Creativity (How to stay inspired?)

Discussion in 'Tab, Tips, Theory and Technique' started by superjam144, May 26, 2020.

  1. Sounds Good

    Sounds Good Tele-Holic

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    I some times noodle to get started and just try and maybe find a new lick, i just find it helps get my mind and fingers in gear it takes a while now for me.
     
  2. jvin248

    jvin248 Poster Extraordinaire

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    .

    -Block the trem/only play hard tail guitars (so no distractions from dive bombs nor time spent chasing tuning issues or why no tuning issues)

    -Rummage in the back of the closet for a guitar you haven't played in a while, it's like buying a new guitar but cheaper. Same with an amp you haven't used for a long while.

    -Buy a looper pedal. A cheap basic one. I picked up a Kokko (Ammoon) clone of a Ditto Mini for $35 new off Amazon. Now you can create a band to gig with.

    .
     
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  3. matrix

    matrix Tele-Meister

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    Take a lesson - I don't think you are a beginner. I regularly buy courses on Truefire. I enjoy browsing the selection, picking something that excites me and will stretch me as a musician, and then working through it. It has kept me away from plateaus for the last 5 years or so (in which I have advanced as a musician far more than in the previous 20).

    Also, +1 on the new instrument. I picked up a decent but relatively inexpensive keyboard, and am teaching myself piano basics with a course. Absolutely inspiring experience for me. I realize it is a cliche, but now I am living the truth of it - the piano really lays out western music in the most logical possible way. I am getting new theory insights, new ideas, and constantly cross-pollinating those with the guitar. Also, reading. Man, it is way easier to learn to read on a piano (even with a bass clef added in) when each note just shows up once on the instrument. I feel way less stupid about my failed attempts to learn to sight-read on the guitar.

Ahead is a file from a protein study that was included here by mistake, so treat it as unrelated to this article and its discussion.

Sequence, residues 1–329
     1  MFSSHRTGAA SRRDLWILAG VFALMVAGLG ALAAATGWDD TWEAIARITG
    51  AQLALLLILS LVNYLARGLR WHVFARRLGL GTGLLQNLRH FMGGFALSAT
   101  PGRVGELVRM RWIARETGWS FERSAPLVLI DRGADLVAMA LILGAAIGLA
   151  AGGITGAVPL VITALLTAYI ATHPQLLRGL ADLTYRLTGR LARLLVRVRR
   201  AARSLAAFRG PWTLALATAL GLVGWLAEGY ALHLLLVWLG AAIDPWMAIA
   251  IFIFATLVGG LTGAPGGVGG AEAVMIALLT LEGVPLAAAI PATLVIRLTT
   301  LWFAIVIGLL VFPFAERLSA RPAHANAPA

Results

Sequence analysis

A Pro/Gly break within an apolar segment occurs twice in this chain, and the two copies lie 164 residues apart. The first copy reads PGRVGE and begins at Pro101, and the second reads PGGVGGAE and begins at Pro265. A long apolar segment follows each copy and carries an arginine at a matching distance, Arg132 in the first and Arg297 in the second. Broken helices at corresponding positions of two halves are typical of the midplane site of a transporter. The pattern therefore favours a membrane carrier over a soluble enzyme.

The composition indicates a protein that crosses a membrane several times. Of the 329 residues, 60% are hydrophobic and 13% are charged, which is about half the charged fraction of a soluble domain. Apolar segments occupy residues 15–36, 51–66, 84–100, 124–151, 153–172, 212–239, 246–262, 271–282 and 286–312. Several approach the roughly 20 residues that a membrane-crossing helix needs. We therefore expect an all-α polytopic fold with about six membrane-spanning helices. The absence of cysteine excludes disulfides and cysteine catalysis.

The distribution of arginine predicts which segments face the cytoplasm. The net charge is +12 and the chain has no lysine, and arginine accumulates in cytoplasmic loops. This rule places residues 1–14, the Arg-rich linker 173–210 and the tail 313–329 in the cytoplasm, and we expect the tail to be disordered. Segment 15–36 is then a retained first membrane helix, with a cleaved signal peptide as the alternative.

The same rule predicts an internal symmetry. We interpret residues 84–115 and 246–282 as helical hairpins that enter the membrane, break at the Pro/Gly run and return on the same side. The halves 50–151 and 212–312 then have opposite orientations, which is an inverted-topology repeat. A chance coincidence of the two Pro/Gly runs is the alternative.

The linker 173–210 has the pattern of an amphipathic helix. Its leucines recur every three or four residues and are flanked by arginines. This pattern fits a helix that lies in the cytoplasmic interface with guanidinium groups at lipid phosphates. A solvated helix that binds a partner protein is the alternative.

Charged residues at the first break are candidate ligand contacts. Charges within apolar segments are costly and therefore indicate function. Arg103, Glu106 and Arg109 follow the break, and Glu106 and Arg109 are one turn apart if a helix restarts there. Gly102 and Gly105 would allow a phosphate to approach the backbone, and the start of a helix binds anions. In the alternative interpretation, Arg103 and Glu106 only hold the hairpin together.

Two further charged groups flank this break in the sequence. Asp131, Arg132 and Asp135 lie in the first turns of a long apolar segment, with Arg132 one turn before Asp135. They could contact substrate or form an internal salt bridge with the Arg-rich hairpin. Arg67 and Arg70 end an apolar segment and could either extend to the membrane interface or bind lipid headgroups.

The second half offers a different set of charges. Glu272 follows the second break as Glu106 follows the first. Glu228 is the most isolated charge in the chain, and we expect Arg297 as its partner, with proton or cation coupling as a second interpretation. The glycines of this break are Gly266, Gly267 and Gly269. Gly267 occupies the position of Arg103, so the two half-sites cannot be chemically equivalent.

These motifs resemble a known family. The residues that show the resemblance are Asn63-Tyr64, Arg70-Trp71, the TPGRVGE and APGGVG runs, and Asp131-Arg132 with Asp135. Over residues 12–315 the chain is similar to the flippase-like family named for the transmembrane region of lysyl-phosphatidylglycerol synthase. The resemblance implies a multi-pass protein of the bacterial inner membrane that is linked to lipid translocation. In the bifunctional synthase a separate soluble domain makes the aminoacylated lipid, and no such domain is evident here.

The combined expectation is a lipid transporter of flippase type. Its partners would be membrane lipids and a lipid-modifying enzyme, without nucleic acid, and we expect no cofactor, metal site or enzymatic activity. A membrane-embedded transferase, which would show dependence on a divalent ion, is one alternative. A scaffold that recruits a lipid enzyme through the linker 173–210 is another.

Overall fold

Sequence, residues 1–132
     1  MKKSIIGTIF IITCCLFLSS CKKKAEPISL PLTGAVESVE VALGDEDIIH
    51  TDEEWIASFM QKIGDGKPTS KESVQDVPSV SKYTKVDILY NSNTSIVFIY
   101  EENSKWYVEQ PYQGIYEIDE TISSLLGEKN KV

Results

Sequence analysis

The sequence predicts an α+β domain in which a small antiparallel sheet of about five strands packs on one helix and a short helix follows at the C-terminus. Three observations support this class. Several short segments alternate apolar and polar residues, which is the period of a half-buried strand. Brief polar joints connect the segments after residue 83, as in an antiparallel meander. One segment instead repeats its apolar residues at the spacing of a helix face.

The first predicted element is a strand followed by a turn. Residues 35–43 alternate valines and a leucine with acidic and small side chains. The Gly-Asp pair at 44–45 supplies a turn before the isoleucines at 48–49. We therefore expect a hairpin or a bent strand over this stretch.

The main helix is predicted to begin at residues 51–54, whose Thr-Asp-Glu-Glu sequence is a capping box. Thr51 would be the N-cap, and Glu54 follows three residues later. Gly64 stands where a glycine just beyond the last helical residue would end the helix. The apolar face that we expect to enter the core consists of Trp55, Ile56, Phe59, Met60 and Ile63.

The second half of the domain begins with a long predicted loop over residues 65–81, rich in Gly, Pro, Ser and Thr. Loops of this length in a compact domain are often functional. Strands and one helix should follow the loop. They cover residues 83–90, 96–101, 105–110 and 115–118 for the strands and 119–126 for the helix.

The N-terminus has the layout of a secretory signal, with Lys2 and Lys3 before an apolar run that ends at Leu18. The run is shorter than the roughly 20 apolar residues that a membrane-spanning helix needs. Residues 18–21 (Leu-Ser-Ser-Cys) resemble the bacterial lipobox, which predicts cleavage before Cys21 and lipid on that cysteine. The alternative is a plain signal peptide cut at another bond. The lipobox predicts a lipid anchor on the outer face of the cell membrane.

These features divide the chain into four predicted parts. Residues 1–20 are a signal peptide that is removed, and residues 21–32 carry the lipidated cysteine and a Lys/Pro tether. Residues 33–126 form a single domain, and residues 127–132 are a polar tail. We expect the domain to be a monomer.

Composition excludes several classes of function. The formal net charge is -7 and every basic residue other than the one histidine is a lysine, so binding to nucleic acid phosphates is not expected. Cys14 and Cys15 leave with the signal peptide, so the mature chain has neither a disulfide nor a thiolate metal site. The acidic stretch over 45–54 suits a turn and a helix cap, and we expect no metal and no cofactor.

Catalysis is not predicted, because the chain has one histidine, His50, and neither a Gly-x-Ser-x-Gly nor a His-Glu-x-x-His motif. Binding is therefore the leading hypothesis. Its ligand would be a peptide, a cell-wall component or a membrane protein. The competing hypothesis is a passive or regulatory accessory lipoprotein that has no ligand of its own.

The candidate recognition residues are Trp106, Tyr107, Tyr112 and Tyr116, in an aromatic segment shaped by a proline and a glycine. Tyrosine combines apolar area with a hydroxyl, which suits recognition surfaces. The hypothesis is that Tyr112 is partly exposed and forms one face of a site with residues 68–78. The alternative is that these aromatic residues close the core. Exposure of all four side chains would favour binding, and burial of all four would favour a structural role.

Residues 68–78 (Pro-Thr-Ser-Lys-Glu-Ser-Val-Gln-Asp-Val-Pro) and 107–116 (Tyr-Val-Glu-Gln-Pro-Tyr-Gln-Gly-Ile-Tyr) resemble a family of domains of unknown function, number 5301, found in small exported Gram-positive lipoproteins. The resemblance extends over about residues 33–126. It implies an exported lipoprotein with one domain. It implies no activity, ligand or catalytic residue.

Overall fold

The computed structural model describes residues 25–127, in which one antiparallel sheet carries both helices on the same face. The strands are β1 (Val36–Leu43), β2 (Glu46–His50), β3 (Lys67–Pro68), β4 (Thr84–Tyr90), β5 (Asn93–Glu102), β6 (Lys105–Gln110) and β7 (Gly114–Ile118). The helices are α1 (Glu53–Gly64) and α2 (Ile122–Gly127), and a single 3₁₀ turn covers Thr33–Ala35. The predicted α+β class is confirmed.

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  4. gregj1964

    gregj1964 Tele-Meister

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  5. Ian T

    Ian T Tele-Afflicted

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    A lot of people talking about stuff that isn't really coming from that creative side of the mind.

    Sitting down with a structured, goal oriented approach, man, that sounds like pure drudgery of classical training, the least creative players that there are. I did get a useless classical performance degree years ago so I know a little about that side, too.

    Creativity comes from letting go, being totally present, getting in touch with the inner muse.

    For years, musicians have used mind altering substances to inspire creativity, and suffered the consequences. There are meditative techniques as well for a healthy approach.

    Sometimes just putting on a cool drum loop in Drum Genius Iphone app or putting a metronome on 2 and 4 helps me "wake up" rather than resorting to booze or other substances to get me in the mood.

    I also feel like you have to find the right time of day. For me, early mornings or very late at night are usually better times.

    It sucks to be uninspired, and when I am, I'll often fixate on gear which doesn't solve the problem. Probably the most important element is to just play, put energy into it, push through the low point and see what happens. Taking breaks from the instrument also helps.
     
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  6. cyclopean

    cyclopean Friend of Leo's